Pierre Huyghe is a producer of spectacular and memorable enigmas, with works that function more like mirages than as objects. Abyssal Plain (2015–ongoing), his contribution to the 2015 Istanbul Biennial, curated by Carolyn Christov-Bakargiev, was installed on the seabed of the Marmara Sea, some 20 metres below the surface of the water and close to...
In the early decades of its existence, New York's Museum of Modern Art (MoMA), founded in 1929, transformed from a philanthropic project modestly housed in a few rooms of the Heckscher Building on the corner of Fifth Avenue and 57th Street, to an alleged operating node in the United States' cultural struggle during the cold war, and one of the...
Hans Hartung and Art Informel at Mazzoleni London (1 October 2019-18 January 2020) presents key works by the French-German painter while highlighting his connection with artists active in Paris during the 50s and 60s. In this video, writer and historian Alan Montgomery discusses Hartung's practice and its legacy.Born in Leipzig in 1904, Hans...
Japan has always been one of the countries at the forefront of technological advances. It is not a surprise that artists from the country are therefore also drawn to the potentials of using technology and scientific knowledge to create mesmerising works that alter our perception of reality.
The Culture Trip brings you 10 artists who are changing the meaning of art, juxtaposing art, design, science, and technology or playing with illusions to alter our perception of the everyday.
Working across performance, video, photography, and large-scale installation, Mariko Mori's artworks combine ideas and imagery from pop culture, religion, and technology in her exploration of the universal, the fantastic, and otherness.
Mori herself is the main protagonist in many of her early artworks from the 1990s, often portraying a cyborg or alien-like heroine in an urban environment. The performance Play with Me (1994), for example, involved the artist standing outside a toy store in Tokyo, wearing a long, twin-tail blue wig and futuristic armour—drawing parallels with manga characters in the advertisements on the shop window. Other works juxtapose the Japanese stereotypes of submissive women, such as the photograph Love Hotel (1994), which shows Mori on a circular bed wearing a schoolgirl's outfit, or Tea Ceremony (1995), a performance that saw her on the street offering tea to passers-by while dressed as an office worker.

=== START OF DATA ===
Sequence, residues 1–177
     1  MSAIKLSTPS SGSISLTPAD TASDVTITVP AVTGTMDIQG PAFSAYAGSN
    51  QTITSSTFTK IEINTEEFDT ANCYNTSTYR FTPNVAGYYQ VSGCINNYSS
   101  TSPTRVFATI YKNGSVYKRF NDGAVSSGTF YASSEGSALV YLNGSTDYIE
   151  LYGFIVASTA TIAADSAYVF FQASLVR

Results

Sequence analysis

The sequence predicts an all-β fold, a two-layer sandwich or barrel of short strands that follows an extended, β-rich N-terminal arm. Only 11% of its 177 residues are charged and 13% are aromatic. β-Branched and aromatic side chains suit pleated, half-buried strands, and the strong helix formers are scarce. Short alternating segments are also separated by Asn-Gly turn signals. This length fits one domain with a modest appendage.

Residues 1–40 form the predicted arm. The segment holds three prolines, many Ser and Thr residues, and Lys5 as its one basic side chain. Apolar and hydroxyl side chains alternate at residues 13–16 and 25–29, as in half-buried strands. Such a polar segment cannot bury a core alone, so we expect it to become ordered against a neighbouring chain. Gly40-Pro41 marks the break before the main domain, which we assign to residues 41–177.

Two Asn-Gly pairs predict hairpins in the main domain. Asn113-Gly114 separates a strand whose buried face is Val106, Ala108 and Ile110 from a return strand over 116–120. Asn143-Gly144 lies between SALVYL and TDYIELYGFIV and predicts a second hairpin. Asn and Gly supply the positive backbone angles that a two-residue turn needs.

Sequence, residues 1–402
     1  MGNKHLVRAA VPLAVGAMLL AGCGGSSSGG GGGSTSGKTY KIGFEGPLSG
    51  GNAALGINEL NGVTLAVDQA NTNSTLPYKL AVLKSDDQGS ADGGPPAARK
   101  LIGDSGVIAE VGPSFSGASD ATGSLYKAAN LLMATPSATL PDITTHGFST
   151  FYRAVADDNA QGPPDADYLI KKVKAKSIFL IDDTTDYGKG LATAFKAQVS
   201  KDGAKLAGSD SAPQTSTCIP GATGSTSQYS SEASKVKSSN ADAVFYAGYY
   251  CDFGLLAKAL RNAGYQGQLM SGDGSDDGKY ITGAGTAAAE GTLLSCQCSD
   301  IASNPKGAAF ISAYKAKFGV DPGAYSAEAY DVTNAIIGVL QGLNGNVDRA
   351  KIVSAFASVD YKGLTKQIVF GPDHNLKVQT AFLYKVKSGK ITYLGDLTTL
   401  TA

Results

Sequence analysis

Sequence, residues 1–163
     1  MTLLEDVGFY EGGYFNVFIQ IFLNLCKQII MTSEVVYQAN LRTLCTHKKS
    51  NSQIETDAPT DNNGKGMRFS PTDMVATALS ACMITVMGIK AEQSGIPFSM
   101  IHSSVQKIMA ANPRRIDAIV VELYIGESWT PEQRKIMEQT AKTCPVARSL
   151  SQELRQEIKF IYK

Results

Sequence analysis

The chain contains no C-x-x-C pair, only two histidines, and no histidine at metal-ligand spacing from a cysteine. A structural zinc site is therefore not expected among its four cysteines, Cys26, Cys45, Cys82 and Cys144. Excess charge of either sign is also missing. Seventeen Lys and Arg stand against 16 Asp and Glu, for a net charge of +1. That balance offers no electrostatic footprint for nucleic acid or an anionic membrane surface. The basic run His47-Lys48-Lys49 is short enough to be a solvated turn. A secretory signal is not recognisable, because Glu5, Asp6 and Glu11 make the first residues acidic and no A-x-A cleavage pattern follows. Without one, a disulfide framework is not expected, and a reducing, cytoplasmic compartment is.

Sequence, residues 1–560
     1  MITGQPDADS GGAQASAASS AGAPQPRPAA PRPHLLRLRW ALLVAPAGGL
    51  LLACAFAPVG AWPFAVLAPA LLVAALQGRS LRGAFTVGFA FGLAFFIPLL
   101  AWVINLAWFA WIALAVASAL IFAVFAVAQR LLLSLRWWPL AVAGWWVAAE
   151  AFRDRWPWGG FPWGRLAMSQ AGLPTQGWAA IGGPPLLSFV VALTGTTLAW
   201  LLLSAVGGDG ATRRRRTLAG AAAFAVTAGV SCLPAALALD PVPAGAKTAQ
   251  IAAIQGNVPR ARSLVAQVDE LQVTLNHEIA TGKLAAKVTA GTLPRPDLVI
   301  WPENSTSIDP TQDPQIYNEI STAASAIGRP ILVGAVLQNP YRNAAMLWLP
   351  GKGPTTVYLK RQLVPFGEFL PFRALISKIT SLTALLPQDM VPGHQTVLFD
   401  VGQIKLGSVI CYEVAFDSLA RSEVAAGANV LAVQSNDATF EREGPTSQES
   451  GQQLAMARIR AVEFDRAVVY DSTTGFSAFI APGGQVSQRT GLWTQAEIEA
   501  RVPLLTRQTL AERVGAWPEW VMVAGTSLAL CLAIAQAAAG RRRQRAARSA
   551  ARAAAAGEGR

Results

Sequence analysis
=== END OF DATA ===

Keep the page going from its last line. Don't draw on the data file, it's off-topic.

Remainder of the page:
In the mid-1990s, Mariko Mori began to incorporate religious iconography into her increasingly interactive work. The 3D film Nirvana (1996–1997) shows her as Kichijoten, the Japanese Buddhist goddess, surrounded by a band of animated musicians against a pale golden sky and a still body of water. Dream Temple (1999), an architectural installation inspired by the 8th-century Horuji monastery in Nara, provided a more immersive experience by inviting viewers to walk through a covered salt garden and into the building to watch an animated film inside. Members of the audience become even more active with Oneness (2003), a group of six alien sculptures that light up when the figures are hugged. The work conveys both the idea of accepting differences and the Buddhist notion of the interconnectedness of all things.
Mori's concern with spirituality developed into a study of ancient cultures in Rebirth, her solo exhibition at Japan Society in New York in 2013. Transcircle 1.1 (2004), a ring of LED-lit columns, for example, is inspired by the Celtic stone circles, while Flatstone (2006)—a configuration of ceramic stones and an acrylic vase on the floor—derives from a Jōmon temple in Japan. In an interview with Ocula Magazine in 2014, the artist recalled that she was driven by her search for shared values in prehistoric cultures: 'I wanted to discover an idea, which is more universal, not only in Japan or Asia ... It's before religion. It's before difference.'
Other recurring preoccupations in Mori's work are interplanetary space and the cycle of life, death, and rebirth. In her solo exhibition Invisible Dimension at Sean Kelly, New York, in 2018, she included sculptures inspired by astrophysical theories, such as Ekpyrotic String VI (2016–2017). The white fibreglass and stainless steel sculpture, with its infinite rings and curves reminiscent of the Möbius strip, reflects the ekpyrotic model that describes the universe as unfolding in a never-ending cosmic cycle.
Mariko Mori's works are collected by international art institutions such as the Los Angeles County Museum of Art and The Museum of Modern Art, New York. Mori has exhibited in major art biennials, among them the Singapore Biennale (2006); Venice Biennale (2005, 1997); Biennale of Sydney (2000); Shanghai Biennale (2000); and the São Paulo Biennial (2002).
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